Triathlete and triathlon coach Helen Murray has six top tips on how to improve at triathlon and nail a personal best.

Get a coach
When I first got into the sport, I was totally clueless about training. I trained at one intensity only. That approach won’t help you get faster, but it will lead to burn out and injury as you end up doing volume and not getting any fitter. If you want to improve your performance, then working with a coach is one of the best investments you can make. They take away the guesswork, set you specific sessions, offer guidance and make sure you get to the start line in one piece. Over three years, I slashed my half Ironman time from 6.28 to 4.53 and qualified for the 70.3 World Championships.

Ditch the gadgets
While power meters and running watches have their place, it’s also important to be able to go on feel. If you only ever train with data, then you can get really down about yourself on the days when you do not hit your target efforts. Conversely, on those magic days when you feel invincible, sticking to your numbers can hold you back.   Some of my favourite runs are those when I leave my watch at home, I’m more aware of my surroundings and I usually finish with a big grin. They remind me why I fell in love with triathlon in the first place which is really important when training is grinding you down.

Don’t skip recovery days
More is not always better and ‘just going for a gentle swim’ or deciding to ‘make the most of the sunny weather’ on a recovery day is not wise! Rest days are a key part of triathlon training, to keep you motivated and allow your body to recover from all of the stress you put it under. When I was training for my first Ironman, I tried to ignore my body which was telling me it needed an extra rest day. Unfortunately, I ended up having to take a break for a week, rather than a day or two.

Have a checklist and plan ahead
Race day nerves have a magic tendency to turn laid-back, organised people into faffing, forgetful ones. I have a friend who drove 150 miles to a race, only to find he had forgotten to pack one of his wheels. I became a lot calmer ahead of races once I bought a big plastic box and created a pre-race checklist. I store all of the items I might need on race day in the box, like a spare pair of goggles, a roll of toilet paper, a bottle of baby oil and a whistle for supporters and I keep the checklist at the top. It makes packing my transition bag in race week so much easier!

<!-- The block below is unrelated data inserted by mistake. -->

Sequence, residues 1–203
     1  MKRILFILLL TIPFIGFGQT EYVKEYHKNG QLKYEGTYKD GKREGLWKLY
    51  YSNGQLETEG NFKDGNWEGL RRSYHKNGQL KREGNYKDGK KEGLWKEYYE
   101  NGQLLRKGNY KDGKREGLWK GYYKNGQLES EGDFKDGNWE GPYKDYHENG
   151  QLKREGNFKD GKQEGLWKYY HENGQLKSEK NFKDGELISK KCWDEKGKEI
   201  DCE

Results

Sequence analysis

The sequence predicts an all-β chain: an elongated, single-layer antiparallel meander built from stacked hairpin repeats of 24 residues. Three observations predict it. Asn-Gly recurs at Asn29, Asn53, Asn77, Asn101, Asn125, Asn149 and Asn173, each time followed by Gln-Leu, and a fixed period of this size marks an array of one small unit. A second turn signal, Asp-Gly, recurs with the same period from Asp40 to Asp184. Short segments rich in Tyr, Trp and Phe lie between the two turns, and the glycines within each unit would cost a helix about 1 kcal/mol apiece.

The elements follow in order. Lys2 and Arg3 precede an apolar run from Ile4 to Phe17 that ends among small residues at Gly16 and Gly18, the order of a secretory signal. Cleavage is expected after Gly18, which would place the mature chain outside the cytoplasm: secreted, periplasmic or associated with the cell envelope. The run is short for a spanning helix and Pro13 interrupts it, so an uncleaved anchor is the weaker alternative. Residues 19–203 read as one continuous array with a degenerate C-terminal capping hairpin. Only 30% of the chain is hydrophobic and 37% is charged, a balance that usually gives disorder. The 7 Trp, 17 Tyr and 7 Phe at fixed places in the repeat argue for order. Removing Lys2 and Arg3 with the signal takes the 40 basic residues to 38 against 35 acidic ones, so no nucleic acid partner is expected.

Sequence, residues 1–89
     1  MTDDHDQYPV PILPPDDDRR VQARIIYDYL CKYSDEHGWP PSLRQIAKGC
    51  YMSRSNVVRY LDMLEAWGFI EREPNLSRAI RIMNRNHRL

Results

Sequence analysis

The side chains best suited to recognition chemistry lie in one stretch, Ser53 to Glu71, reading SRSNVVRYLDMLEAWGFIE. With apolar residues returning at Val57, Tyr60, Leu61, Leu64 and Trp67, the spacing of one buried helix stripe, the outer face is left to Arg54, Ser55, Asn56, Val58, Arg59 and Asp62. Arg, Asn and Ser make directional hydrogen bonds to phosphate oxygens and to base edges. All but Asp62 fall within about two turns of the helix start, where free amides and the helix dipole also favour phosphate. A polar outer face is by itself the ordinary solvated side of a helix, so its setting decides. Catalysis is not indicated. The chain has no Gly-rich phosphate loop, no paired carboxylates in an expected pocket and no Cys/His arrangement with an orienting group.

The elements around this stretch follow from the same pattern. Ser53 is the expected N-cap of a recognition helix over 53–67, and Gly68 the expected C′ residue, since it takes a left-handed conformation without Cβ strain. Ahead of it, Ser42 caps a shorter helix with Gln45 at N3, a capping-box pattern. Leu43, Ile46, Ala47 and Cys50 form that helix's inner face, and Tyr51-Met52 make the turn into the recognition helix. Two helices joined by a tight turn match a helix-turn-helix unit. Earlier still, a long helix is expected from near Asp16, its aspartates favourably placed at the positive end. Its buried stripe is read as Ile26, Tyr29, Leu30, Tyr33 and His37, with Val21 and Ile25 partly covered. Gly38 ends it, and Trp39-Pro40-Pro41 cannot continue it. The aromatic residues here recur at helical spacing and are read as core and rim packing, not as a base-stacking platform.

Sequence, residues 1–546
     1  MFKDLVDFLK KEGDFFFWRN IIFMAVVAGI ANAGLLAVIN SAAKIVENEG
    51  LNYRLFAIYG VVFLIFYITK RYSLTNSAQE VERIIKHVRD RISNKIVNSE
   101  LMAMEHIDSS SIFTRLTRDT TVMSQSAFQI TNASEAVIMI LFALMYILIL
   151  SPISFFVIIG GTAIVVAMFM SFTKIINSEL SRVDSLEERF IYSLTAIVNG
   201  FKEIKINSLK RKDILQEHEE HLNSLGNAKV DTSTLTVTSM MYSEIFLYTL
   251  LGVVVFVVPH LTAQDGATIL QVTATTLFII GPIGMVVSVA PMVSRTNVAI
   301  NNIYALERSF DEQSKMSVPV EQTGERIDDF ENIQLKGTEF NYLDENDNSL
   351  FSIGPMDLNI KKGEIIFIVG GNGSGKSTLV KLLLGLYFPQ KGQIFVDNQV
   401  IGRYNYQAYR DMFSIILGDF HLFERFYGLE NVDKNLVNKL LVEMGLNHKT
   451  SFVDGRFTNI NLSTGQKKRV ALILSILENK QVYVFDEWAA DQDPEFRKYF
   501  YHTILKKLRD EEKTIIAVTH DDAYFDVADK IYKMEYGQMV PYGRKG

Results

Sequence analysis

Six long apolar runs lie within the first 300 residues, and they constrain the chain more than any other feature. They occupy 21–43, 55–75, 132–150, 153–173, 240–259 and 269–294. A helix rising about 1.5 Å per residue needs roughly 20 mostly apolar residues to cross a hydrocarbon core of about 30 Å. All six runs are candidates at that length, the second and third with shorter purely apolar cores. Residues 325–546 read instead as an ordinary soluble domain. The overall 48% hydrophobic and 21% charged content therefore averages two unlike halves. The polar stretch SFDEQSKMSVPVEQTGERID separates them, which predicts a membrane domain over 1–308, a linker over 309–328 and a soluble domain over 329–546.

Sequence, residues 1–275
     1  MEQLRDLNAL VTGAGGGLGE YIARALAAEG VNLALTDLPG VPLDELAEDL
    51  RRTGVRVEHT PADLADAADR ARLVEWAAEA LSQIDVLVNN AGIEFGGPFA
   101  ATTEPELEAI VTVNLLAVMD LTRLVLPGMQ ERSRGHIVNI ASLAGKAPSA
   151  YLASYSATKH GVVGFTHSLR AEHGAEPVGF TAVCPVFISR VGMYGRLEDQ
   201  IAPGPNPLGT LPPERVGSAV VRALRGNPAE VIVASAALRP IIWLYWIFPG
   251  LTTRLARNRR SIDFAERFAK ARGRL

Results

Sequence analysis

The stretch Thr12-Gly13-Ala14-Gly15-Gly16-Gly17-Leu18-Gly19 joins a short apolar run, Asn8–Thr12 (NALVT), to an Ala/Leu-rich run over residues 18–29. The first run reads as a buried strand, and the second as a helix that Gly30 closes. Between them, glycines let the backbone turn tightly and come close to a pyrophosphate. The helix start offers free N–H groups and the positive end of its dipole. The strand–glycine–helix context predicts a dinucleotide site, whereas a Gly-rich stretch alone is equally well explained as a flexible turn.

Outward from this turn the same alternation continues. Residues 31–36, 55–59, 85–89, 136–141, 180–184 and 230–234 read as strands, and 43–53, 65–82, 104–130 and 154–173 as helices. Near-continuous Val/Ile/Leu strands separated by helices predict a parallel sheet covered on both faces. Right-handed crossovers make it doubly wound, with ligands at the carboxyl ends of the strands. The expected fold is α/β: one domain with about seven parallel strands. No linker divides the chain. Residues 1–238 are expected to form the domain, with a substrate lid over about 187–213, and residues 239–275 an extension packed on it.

Know how to mend a puncture
At some point, there is a good chance you will get a puncture during a race, so visualise how you will react, carry a spare inner tube and a pump or gas canister and most importantly, know to use them. When I first had a puncture in a race, I went into total panic mode and wasted half an hour. However, if you have rehearsed how to deal with a flat tyre, both mentally and physically, you can stay calm and be back on your bike within minutes. A flat tyre doesn’t necessarily mean your race is over either, Chrissie Wellington went on to win her second Ironman World Championship, despite a puncture.

Practice the little skills
My bike handling skills used to be so poor that I was too scared to grab drinks bottles at aid stations, which resulted in a very miserable, energy depleted run.  If you want to shave minutes off your time, then it’s vital to work on your technical skills so you feel confident cornering, descending and eating and drinking on the go.  Don’t neglect your transition skills either as you may end up picking up someone else’s transition bag, putting your helmet on back to front, or even losing your bike. Yes, I have done all of the above!